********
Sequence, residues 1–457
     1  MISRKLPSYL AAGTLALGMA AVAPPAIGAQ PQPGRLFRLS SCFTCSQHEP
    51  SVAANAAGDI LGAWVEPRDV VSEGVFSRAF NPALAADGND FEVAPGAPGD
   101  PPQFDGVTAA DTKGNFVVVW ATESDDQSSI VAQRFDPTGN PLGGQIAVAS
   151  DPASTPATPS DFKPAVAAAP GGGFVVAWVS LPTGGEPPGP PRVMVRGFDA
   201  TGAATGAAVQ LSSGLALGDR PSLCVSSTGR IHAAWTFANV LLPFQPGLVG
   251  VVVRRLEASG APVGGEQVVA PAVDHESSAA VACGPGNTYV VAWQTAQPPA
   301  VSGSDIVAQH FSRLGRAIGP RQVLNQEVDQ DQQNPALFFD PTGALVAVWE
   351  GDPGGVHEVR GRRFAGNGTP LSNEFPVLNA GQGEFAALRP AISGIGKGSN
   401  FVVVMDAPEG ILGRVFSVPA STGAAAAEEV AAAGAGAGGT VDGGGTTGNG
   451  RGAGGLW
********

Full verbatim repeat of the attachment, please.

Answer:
Sequence, residues 1–457
     1  MISRKLPSYL AAGTLALGMA AVAPPAIGAQ PQPGRLFRLS SCFTCSQHEP
    51  SVAANAAGDI LGAWVEPRDV VSEGVFSRAF NPALAADGND FEVAPGAPGD
   101  PPQFDGVTAA DTKGNFVVVW ATESDDQSSI VAQRFDPTGN PLGGQIAVAS
   151  DPASTPATPS DFKPAVAAAP GGGFVVAWVS LPTGGEPPGP PRVMVRGFDA
   201  TGAATGAAVQ LSSGLALGDR PSLCVSSTGR IHAAWTFANV LLPFQPGLVG
   251  VVVRRLEASG APVGGEQVVA PAVDHESSAA VACGPGNTYV VAWQTAQPPA
   301  VSGSDIVAQH FSRLGRAIGP RQVLNQEVDQ DQQNPALFFD PTGALVAVWE
   351  GDPGGVHEVR GRRFAGNGTP LSNEFPVLNA GQGEFAALRP AISGIGKGSN
   401  FVVVMDAPEG ILGRVFSVPA STGAAAAEEV AAAGAGAGGT VDGGGTTGNG
   451  RGAGGLW